When you think of the Dodge Charger. what comes to mind? A big, modern muscle car perfect for families? Visions of smokey burnouts once the kids are dropped off at school? How about a perfect all-weather car? No? Well, Dodge wants that perception to change. While the general perception of the Charger is all about aggressive styling and available HEMI V-8 power, the Charger has been available with all-wheel drive, but this feature seems to have flown under the radar. What better way to highlight the Charger’s all-weather capabilities than to come out with a special model all about all-wheel drive?
Orders are being taken now, but expect January 2013 availability for the Dodge Charger AWD Sport. Consider the AWD Sport as a limited edition option package, as Dodge only intends to build Charger AWD Sports for about three months. The AWD Sport is based on the V-6 Charger SXT and HEMI V-8 Charger R/T trims. As for cost, Dodge is charging $1,395USD for the AWD Sport package, and $1,195 on R/T models.
So, what do you get for the money? The Charger AWD Sport distinguishes itself with a gloss black grille, gloss black painted 19″ alloys, and a rear spoiler. Inside, buyers are also treated to sport seats and Chrysler’s premium Beats Audio. The V-6 Charger AWD Sport gets a slight boost in power. The well-received 3.6L V-6 now boasts 300hp, thanks to a sport tuned dual exhaust and cold air induction system. The 370hp 5.7L V-8 is unchanged. The Garage sampled a 2012 Dodge Charger R/T which we thoroughly enjoyed. For 2013, both V-6 and V-8 Chargers feature an 8-speed automatic, as opposed to the 5-speed in our test car. Unique to the AWD Sport are paddle shifters and a Sport mode that will bang out quicker shifts and will hold revs higher in each gear. Kudos to Dodge for the shift paddles made from diecast metal instead of plastic. No word from Dodge, but I expect this to be available in other Chargers once the AWD Sport run is over.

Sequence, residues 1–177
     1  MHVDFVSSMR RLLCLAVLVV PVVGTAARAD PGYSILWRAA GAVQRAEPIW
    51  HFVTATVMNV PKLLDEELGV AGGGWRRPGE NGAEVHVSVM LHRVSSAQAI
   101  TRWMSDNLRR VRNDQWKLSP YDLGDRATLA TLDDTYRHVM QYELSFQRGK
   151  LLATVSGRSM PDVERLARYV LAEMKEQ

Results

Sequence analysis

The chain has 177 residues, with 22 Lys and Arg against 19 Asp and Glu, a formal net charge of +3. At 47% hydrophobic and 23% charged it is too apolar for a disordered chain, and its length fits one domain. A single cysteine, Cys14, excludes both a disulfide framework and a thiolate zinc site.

But again, the emphasis here is on the Charger’s all-wheel drive capability, and to break the perception this is strictly a rear wheel drive brute. Dodge is quick to point out their active transfer case and front axle disconnect technology, where the front wheels have no power unless needed to improve fuel economy. Will it work? Hard to say, but I can’t blame Dodge for wanting to raise awareness that the Charger is available with all-wheel drive. Whether we see more Chargers rolling up to ski resorts in Stowe, Vermont, or Aspen, Colorado remains to be seen.